By now we’re all very familiar with our immediate environments and our walking routes. One little featue around Kimmage, Harold’s Cross and Rathmines that you could easily miss are these curious little markers, noting ‘Township of Rathmines – 1847.’
The transformation of Rathmines in the first half of the nineteenth century was remarkable – what was described as a “poor and obscure” village in 1820 was a “beautiful and rather large suburb” by 1844.
1847 witnessed the emergence of Rathmines as a Township, one of several in nineteenth century Dublin. The timing should not be overlooked, with 1847 entering the collective memory as Black 47, the single worst year of the single worst event to befall Ireland. Moments of crisis – including outbreaks of cholera in subsequent years – no doubt influenced the decision to move for some in a worsening city.
Beyond the canals – but close enough to the city to profit from it – Townships were essentially local municipalities. Initally, a Township was responsible for its own sanitation, but in time local councils took on a whole host of powers and provided a wide variety of services. Rathmines township had its own Fire Brigade for example, one of its stations now the MART studio behind Rathmines town hall. Perhaps the greatest symbol of its municipal independence was the magnificent town hall, designed by Sir Thomas Drew in the 1890s. Its clock – though in fine working order today – is still known to local wits as “‘the four-faced liar”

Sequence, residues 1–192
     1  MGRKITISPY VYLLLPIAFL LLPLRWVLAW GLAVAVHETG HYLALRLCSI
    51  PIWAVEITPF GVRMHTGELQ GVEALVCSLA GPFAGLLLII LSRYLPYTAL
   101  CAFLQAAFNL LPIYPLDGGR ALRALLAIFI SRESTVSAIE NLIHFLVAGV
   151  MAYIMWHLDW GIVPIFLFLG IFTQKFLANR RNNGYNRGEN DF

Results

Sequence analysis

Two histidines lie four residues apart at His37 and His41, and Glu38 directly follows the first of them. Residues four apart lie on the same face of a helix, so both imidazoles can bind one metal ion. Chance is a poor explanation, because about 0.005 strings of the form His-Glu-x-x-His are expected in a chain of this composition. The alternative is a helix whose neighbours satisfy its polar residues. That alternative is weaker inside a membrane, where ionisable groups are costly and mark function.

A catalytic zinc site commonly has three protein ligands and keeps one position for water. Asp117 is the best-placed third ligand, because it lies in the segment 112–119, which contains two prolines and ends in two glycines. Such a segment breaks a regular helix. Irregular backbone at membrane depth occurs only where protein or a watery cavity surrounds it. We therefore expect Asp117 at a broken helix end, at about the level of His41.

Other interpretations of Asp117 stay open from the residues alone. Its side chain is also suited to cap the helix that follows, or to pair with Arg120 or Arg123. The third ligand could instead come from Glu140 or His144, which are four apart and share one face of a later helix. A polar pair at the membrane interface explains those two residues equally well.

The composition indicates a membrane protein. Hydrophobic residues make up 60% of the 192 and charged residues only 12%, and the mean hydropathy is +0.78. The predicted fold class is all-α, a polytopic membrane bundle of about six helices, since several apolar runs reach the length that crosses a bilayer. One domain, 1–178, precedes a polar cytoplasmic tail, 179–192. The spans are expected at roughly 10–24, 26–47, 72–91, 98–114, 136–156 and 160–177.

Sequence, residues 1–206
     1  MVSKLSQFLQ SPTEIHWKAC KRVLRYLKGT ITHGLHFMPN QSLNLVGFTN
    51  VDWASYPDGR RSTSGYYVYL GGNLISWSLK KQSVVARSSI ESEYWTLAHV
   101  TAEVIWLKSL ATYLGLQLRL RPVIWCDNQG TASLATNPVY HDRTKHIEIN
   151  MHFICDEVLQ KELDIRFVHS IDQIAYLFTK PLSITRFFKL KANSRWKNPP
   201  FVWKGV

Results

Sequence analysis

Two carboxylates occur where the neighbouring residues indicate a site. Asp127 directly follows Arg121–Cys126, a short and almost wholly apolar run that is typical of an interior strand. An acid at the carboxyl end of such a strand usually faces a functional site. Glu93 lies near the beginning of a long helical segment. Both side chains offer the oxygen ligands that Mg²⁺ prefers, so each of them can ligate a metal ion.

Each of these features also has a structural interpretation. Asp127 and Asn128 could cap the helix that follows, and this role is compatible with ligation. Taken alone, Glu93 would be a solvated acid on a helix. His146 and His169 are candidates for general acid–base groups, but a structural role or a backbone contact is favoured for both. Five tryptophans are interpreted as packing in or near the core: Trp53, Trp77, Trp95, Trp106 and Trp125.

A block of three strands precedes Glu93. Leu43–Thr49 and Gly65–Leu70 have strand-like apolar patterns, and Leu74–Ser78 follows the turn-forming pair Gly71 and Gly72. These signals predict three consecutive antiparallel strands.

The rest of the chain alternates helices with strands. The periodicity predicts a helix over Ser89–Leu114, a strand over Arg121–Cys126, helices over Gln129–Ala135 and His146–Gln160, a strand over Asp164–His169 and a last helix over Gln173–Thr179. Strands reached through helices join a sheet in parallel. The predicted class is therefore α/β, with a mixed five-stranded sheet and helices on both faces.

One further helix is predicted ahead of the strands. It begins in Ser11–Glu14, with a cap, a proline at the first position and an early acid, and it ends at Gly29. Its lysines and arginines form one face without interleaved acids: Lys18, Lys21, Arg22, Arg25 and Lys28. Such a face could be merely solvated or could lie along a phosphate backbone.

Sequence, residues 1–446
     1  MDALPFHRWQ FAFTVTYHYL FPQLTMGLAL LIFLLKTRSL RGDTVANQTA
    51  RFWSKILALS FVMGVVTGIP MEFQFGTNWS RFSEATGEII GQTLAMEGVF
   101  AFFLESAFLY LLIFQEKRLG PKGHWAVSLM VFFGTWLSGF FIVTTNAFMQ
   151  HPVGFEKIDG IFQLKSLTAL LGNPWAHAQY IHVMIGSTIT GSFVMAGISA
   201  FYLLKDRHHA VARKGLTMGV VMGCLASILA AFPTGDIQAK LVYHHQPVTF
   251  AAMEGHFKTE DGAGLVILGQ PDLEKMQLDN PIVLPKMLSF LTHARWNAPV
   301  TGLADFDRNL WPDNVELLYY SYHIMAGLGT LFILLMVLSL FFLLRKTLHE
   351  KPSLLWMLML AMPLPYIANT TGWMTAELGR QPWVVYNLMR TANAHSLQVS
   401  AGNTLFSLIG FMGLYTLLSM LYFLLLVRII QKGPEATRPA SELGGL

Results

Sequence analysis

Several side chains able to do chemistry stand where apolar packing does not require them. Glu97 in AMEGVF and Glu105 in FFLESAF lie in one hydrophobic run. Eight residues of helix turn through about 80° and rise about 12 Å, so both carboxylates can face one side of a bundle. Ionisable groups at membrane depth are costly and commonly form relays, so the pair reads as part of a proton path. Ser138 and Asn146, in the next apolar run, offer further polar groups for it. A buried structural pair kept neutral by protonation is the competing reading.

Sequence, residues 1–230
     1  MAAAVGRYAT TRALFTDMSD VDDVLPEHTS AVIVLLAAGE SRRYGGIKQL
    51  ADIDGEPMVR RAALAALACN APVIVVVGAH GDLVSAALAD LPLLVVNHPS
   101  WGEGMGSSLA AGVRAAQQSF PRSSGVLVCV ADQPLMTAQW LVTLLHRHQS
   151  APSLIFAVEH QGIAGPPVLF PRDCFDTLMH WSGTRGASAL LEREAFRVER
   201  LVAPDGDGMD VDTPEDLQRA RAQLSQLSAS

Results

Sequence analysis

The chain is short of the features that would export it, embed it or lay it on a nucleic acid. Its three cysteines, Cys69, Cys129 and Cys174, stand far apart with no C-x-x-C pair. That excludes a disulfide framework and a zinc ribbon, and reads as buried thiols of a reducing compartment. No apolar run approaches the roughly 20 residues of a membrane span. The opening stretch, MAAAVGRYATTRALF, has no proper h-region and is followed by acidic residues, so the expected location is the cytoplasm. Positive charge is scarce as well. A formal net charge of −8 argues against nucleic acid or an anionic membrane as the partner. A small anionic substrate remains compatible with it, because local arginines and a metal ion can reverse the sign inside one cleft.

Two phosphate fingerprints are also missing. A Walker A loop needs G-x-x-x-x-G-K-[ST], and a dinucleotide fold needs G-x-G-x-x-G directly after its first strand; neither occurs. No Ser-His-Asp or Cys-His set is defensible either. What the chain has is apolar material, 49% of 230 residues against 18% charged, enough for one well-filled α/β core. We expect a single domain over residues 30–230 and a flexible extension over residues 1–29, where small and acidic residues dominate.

Rathmines Township had a population of about 10,000 people at the time of its establishment, but it was expanded in time to include Rathgar too. As Maurice Curtis notes, the Township came to encompass “Harold’s Cross, Ranelagh, Sandymount and Milltown.” The markers in Kimmage – one outside Supervalu on Sundrive Road and one on the Lower Kimmage Road – are a reminder it stretched this far, too.
The Townships were regarded by many as the flight of the middle class, from a city of intense and worsening poverty between the canals. They also represented a political flight too, leaving Dublin Corporation with less of Dublin to represent, and a local Urban District Council elected in the Rathmines Township. Rathmiens UDC had a strong Unionist political presence, while the late ninteenth and early twentieth centuries would witness the emergence of an increasingly nationalist Dublin Corporation. There were numerous Sinn Féin councillors elected in the years before the 1916 Rising in Dublin Corporation, including Seán T. O’Kelly.
By the time of the 1901 Census, almost 32 percent of the population of 383,178 resided outside the municipal boundaries in one of nine suburban townships. It took the Local Government (Dublin) Act of 1930 to bring the Township of Rathmines and Rathgar back under the administration of Dublin Corporation. Still, these markers are little reminders of a different time that we pass every day.